I've been a husband for six years. I've been a father for 18. Do the math. That's negative 12. Who needs an abacus? I belong to a generation of parents who, in financial speak, are upside down. If our children were mortgages, we would be one nation underwater. Wait a minute, we are. Shucks.
From foreplay to foreclosure, we keep getting screwed. Blame it on the burst of the housing bubble or blame it on the burst of the condom bubble. Either way, things don't always unfold the way we hoped.
Ideally, love and marriage should come before baby and carriage just as incontrovertible evidence should have come before Bombs Over Baghdad. Then again, Bush and Dick always had a mind of their own anyway.
Even though I'm no longer an unwed single parent, I'm not married to my son's biological mother. And now that "blackman" (as my wife and I affectionately call him) is weeks away from high school graduation, I have some words of wisdom to share with other parents who aren't married to the mother or father of their child(ren).
Relationships often play out with two sets of rules: his and hers. Nowhere do double standards flourish more than when it comes to issues of weight. Men want their girlfriends and wives to stay in shape. While it may or may not always work out that way, we certainly find ways to make our feelings known: "Babe, you sure you want to eat that deep-fried doughnut?" After all, there is only so much cushion for the pushin' a man needs.
But turn the tables, and you find that most men roll differently. And when I say "roll," I mean actually rolling up on the drive-thru and, two heartbeats away from cardiac arrest, we'll bark out our order: "I'd like my double standard with cheese please."
Indulge me as I speak from my own personal experience because, you know, that's something I never do.
Earlier this week, when I decided to entertain the topic of how married men process the fact a close friend is getting divorced, I thought of several films I've seen over the years featuring orphans. Stay with me.
Have you ever watched an orphan movie? And I don't mean the time you acted as a benevolent soul and took home that straight-to-video joint starring Vivica Fox and Eddie Winslow from 'Family Matters.' You remember. The one that no one else was willing to take a chance on and upon wasting one hour and 42 minutes of your weekend, you didn't know whether to pat yourself on the back for blindly supporting black cinema or smack yourself in the face.
Granted, it was charitable of you and your family to take home an unwanted movie, but that's a different type of orphan movie, one abandoned by the studio system and the public. I'm referring to real orphan movies with the cliche villainous nuns, bloody British accents, the whole nine. But it's another cliche also found in all orphan movies that's applicable to the subject of men, friends and divorce.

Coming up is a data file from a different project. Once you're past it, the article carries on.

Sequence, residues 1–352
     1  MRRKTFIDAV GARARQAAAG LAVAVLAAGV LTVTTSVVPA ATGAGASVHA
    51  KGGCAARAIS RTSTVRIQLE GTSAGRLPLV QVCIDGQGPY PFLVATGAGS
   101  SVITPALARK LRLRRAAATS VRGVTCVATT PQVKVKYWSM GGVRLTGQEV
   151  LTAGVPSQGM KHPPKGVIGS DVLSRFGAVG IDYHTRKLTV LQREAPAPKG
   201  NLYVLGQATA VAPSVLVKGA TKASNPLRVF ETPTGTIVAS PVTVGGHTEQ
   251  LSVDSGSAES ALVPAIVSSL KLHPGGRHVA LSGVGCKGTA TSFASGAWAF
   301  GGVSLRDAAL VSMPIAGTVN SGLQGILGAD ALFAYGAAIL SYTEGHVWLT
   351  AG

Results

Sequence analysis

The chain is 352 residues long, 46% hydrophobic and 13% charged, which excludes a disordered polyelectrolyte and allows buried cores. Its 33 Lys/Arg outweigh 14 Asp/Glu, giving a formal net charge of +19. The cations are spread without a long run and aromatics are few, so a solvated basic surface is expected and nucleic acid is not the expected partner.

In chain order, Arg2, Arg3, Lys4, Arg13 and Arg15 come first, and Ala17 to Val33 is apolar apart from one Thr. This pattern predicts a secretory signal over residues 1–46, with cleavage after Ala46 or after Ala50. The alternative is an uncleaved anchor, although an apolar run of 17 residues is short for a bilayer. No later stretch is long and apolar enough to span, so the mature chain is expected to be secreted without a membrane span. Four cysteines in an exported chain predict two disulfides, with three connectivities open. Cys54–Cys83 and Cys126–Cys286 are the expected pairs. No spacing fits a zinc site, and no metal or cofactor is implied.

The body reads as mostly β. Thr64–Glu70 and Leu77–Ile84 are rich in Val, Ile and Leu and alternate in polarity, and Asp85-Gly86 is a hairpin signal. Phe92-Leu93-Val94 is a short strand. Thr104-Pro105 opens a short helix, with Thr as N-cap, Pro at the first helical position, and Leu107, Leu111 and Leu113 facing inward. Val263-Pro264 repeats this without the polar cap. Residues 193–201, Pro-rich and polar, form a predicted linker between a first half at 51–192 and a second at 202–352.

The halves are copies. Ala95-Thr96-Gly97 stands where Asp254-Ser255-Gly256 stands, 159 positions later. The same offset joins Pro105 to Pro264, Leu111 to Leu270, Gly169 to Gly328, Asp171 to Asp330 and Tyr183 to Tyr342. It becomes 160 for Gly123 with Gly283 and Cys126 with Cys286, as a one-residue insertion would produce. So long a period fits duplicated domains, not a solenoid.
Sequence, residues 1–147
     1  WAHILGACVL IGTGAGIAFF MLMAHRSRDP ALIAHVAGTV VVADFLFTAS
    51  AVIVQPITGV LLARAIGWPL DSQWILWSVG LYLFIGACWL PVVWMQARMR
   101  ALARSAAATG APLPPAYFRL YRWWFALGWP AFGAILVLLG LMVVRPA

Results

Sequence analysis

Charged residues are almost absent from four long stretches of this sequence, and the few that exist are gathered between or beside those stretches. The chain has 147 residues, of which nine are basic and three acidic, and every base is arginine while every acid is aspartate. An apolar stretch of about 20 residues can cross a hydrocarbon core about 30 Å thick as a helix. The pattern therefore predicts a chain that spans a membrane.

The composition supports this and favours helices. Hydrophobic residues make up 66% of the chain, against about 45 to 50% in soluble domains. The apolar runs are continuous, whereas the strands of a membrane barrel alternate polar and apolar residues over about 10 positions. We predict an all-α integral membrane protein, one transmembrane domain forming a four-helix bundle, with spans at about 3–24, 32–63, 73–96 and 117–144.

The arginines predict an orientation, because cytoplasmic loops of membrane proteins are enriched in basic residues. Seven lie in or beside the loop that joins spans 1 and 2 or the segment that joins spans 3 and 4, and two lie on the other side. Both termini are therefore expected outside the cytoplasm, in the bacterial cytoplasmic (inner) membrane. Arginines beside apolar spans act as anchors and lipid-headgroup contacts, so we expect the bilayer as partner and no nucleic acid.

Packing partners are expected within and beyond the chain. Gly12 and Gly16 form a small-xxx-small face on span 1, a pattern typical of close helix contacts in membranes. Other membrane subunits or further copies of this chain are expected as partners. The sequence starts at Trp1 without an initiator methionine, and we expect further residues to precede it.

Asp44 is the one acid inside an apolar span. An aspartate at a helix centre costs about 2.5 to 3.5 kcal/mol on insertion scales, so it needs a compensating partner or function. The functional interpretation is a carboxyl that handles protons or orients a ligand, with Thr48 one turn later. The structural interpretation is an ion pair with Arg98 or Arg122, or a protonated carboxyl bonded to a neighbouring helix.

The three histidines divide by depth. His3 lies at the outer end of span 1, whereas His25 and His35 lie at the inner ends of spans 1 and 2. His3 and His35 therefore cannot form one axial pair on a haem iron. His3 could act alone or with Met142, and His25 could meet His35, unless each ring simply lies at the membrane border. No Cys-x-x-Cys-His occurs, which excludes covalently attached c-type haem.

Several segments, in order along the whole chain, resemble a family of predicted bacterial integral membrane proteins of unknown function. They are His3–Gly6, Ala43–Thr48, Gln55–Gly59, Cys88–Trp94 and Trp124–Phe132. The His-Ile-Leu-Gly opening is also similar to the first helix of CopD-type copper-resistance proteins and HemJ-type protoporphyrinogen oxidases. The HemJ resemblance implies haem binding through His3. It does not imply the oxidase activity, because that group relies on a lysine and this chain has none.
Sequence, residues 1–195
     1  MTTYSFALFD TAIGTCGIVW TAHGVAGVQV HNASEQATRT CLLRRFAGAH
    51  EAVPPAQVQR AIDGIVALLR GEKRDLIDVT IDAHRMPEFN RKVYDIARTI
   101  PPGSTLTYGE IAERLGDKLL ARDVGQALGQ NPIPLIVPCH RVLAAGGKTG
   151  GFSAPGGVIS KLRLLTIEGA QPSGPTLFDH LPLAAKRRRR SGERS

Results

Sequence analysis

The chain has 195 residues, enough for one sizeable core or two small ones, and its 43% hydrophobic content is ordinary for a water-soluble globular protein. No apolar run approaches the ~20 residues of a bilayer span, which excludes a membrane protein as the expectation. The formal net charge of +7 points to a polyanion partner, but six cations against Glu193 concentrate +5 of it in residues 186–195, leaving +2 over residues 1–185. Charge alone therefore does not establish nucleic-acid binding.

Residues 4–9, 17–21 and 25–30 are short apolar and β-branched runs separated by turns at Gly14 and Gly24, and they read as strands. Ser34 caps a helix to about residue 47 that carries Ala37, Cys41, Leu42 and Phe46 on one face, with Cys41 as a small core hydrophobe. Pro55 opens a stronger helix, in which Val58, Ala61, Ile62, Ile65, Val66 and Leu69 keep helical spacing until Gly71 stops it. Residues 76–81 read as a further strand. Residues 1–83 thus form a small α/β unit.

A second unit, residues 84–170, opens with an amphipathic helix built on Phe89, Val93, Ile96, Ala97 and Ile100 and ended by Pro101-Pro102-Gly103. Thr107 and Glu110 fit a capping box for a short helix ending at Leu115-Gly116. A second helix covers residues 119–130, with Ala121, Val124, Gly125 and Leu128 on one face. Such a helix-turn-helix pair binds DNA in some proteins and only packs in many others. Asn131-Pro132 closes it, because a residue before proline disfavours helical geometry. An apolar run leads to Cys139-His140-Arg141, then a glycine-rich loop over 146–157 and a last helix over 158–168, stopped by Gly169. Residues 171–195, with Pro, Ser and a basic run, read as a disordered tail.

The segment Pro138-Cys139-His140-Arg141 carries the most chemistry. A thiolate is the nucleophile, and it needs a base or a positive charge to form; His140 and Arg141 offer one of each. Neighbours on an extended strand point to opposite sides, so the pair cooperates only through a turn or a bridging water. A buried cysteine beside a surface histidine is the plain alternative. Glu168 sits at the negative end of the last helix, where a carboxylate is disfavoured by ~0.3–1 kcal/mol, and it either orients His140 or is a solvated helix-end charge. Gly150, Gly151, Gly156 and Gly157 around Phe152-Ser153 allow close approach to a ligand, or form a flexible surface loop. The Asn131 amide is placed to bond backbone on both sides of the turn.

Twelve months ago, it happened again. Regrettably, the story is a familiar one. An older man, balding and wealthy, began lavishing a younger woman with cash and gifts. As sure as she was stunning, he was horny. And there he salivated, only an arm length's away from a Pez dispenser of magic blue pills.
That said, this arrangement - excuse me, "non-arrangement" - was merely a platonic friendship, according to the man that no one believes. Justice system, meet Silvio Berlusconi, Italy's Prime Minister. The two of you will be getting to know each other over the next few months.
The young woman in question, now a whopping 18, is Karima el-Mahroug. As you can see in the photo above, she resembles a Moroccan Tracey Edmonds. One catch, though: the black Tracey Edmonds wasn't being wined, dined, and intertwined at the age of 17 by a world leader.
Karima, though, young and susceptible, finds herself at the center of a sex scandal that is shaking this southern European country. She's been dubbed "Ruby the Heart Stealer". The proper forensic translation: "Ruby the Teenager".
This leads me to a bigger question: What's up with men chasing underage girls? Fetishes abound; I get that. There are men who will hand over a piece of change for something strange. But having sex, even thinking about having sex, with a minor a half a mile north of puberty doesn't rank very high on the checklist of things men should do before they die.